Food safety interventions in periurban dairy farming systems in West Africa

Lead Research Organisation: Royal Veterinary College
Department Name: Production and Population Health


Periurban dairy farming is an expanding livestock system in West Africa where it contributes to food security and dietary diversity by supplying milk and dairy products to rapidly growing urban populations. However, periurban dairy farms are also a source of milk-borne zoonotic pathogens. In a context of scarce resources, it is critical that specific pathogens are prioritized and risk mitigation strategies selected on the basis of the likely public health benefits of their adoption. Furthermore, strategies must be acceptable by livestock keepers and consumers. In this project, epidemiological field studies will be conducted to estimate the frequency of and identify farm-level risk factors for selected milk-borne pathogens in some of the main periurban dairy production zones of West Africa. Probabilistic risk assessment will be used to quantify the impact of implementing specific risk mitigation strategies at pre-harvest, harvest and postharvest level on the probability of human exposure. The results from two parallel studies, one evaluating knowledge, attitudes and practices of periurban dairy farmers with regard to brucellosis, the second assessing the economic impact of brucellosis for this group of farmers, will inform this project to ensure that tested interventions are feasible and acceptable. This PhD studentship is linked to a project funded by the ZELS initiative and it will align with others in the ZELS Associated Studentships (ZELS-AS) programme through common interests in developing interdisciplinary approaches to tackle zoonotic diseases. The project will involve key stakeholders currently working on the safety of food of animal origin in West Africa to ensure maximum policy impact. Study results will be incorporated into capacity building activities planned as part of the ZELS project within which this PhD project will take place.

Studentship Projects

Project Reference Relationship Related To Start End Student Name
BB/N503563/1 30/09/2015 29/09/2019
1689843 Studentship BB/N503563/1 26/01/2016 24/07/2019 Bhagyalakshmi Chengat Prakashbabu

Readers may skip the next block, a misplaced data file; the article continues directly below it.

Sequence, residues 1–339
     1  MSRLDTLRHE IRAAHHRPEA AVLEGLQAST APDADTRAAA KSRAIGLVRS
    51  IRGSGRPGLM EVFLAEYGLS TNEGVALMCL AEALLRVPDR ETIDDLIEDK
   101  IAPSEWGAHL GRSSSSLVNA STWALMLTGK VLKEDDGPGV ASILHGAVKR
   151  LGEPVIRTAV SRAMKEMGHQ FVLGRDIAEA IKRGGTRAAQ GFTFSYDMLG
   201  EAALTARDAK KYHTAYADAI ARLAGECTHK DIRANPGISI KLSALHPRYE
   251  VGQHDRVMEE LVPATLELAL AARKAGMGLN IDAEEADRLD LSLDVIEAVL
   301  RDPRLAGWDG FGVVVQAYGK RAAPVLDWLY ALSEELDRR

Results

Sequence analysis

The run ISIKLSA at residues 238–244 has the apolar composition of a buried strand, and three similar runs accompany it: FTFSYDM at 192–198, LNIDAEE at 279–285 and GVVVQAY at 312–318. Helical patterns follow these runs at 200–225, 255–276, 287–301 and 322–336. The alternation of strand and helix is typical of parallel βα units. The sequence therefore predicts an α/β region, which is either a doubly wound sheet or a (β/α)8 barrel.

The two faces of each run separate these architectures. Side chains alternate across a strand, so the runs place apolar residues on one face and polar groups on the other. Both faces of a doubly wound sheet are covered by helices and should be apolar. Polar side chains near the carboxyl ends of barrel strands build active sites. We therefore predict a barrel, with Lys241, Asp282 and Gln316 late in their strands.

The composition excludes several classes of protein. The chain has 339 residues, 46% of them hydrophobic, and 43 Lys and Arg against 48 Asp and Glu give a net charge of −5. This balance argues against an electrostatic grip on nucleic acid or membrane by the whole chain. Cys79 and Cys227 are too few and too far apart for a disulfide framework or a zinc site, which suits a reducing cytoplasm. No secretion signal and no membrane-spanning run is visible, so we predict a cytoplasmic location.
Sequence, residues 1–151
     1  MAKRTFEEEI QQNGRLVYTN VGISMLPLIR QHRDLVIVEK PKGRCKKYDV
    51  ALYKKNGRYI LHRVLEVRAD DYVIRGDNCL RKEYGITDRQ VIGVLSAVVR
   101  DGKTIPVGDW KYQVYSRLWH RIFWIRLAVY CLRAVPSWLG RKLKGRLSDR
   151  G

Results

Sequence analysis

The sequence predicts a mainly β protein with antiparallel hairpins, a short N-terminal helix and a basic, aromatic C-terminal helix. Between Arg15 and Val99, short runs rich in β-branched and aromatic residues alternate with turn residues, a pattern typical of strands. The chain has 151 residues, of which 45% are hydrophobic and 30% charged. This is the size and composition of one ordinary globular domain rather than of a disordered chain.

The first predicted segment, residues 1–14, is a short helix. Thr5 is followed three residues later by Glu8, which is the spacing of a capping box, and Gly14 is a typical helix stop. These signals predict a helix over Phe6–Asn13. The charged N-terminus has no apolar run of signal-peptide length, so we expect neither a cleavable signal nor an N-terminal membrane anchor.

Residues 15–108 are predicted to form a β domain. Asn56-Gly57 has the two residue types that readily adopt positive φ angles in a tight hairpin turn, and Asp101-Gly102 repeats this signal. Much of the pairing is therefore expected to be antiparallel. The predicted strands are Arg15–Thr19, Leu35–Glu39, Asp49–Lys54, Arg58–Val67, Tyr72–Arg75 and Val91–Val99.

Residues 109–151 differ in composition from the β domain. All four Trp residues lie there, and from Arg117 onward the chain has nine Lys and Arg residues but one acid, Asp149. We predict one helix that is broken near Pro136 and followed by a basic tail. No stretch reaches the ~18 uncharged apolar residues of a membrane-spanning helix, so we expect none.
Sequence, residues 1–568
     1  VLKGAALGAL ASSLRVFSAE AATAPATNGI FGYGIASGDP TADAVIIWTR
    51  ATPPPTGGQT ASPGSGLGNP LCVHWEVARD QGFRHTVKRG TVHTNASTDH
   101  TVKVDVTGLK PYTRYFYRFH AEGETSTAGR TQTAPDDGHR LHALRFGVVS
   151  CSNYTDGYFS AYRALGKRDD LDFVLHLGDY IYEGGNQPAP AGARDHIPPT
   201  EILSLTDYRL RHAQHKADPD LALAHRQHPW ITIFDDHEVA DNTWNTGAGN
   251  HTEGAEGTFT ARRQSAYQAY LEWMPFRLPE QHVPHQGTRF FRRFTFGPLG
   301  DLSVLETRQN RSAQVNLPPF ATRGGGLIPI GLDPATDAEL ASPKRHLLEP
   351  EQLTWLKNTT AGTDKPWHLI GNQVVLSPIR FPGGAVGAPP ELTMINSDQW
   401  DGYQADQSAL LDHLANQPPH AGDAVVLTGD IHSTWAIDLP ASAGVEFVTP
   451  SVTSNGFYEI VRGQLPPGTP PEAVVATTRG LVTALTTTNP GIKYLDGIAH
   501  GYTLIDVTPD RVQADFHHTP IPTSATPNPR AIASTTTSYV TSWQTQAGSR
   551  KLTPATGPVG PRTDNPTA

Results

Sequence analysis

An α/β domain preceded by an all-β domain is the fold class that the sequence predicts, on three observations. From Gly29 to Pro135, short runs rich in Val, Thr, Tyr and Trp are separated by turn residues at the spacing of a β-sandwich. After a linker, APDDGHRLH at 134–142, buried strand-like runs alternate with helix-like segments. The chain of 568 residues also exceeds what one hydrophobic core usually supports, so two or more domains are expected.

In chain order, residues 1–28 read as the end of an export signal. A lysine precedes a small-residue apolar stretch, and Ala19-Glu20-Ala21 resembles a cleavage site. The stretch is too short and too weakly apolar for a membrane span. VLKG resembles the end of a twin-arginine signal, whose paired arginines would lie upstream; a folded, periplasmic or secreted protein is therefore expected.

Description So far two major components of the project have been finished.1. Cross-sectional study- The data from the cross-sectional study was analysed using multiple correspondence analysis and hierarchical cluster analysis. This revealed three different typologies of dairy farms: 1) small herds with other species of animals (sheep, goat, and poultry) kept in the backyard and sells milk locally, 2) larger transhumant, mostly cattle only herds, 3) medium sized herds kept indoor with better biosecurity measures. The thematic analysis of data from focus groups showed that milk is a culturally important food and forms part of different meals of the day. Priority is given to older people and young children followed by pregnant women, head of the household and other adults when the milk is rationed. Women who run organised mini processing units boil milk before processing and are aware of milk-borne diseases. However, unorganised milk processors never boil milk. There was a lack of knowledge regarding transmission of diseases through milk among both dairy farmers and unorganised milk processors. Interestingly irrelevant associations such milk consumption and occurrence of malaria was mentioned in several discussion suggesting public health communication needs improvement.
The bulk milk samples collected were analysed using quantitative PCR to detect and quantify Staphylococcus aureus, Coxiella burnetti, Listeria monocytogenes, Salmonella spp, Escherichia coli O157:H7, Mycobacterium tuberculosis complex (MTBC), Mycobacterium bovis and Campylobacter jejuni.
A total of 248 samples were collected and analysed. Among the pathogens analysed, the most common was Staphylococcus aureus, 48.4% of the samples positive with 140-13x104 genome copies per ml of milk. Coxiella burnetti DNA was also detected in a significant proportion of samples (22.2%). Listeria monocytogenes (2.5%, 20-40 genome copies/ml), Salmonella spp (2%, 50-132 genome copies/ml), Escherichia coli O157:H7 (2% 2-180 genome copies/ml), Mycobacterium tuberculosis complex (MTBC) (2%, 35-502 genome copies/ml) and Campylobacter jejuni (1.7% 230-890 genome copies/ml) were also detected. M bovis could not be identified in any. The results suggest that there is a considerable proportion of bulk milk samples are contaminated with pathogens that are harmful to human health. Disease control strategies should be deployed along the milk supply chain to ensure public health safety as raw milk consumption is very common in Senegal.
A quantitative risk assessment was conducted to estimate the risks of illness due to Staphylococcus aureus, Listeria monocytogenes, Salmonella spp, and Escherichia coli O157:H7 among consumers of raw milk and fermented milk. it was found that traditional fermentation mitigates the risks of all the bacteria due to increase in acidity except for S. aureus. E. coli O157:H7 was estimated to cause a higher number of cases. Among the intervention simulated a chilled distribution system was found to significantly reduce the number of cases.
Exploitation Route The farm characteristics identified and the information on processing practices will be used to inform the probabilistic risk assessment, which will be done in the next stages of this project. The findings will be shared with local stakeholders, which will increase the awareness about the risks of milk-borne infections and how to mitigate them.

This is a first large-scale study that looked at important milk-borne hazards in bulk milk samples from three different regions in Senegal. The data generated gives the baseline information on the quality of bulk milk samples. This information can be utilised by policymakers to design control strategies targetted at specific pathogens. In addition, it can be further put to use by researchers to conduct risk assessments to quantify the risks to milk and milk product consumers.
Sectors Agriculture, Food and Drink